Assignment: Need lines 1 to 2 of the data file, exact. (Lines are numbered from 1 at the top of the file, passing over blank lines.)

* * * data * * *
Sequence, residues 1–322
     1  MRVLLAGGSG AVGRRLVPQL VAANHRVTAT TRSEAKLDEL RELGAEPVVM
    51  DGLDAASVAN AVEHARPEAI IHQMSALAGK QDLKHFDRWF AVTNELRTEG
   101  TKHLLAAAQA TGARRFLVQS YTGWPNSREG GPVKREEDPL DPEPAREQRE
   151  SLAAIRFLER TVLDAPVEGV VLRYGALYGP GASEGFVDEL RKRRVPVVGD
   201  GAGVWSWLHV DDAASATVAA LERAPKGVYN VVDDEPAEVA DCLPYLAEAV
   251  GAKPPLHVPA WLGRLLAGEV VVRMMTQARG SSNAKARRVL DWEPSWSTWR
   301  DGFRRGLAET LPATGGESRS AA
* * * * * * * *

Sequence, residues 1–322
     1  MRVLLAGGSG AVGRRLVPQL VAANHRVTAT TRSEAKLDEL RELGAEPVVM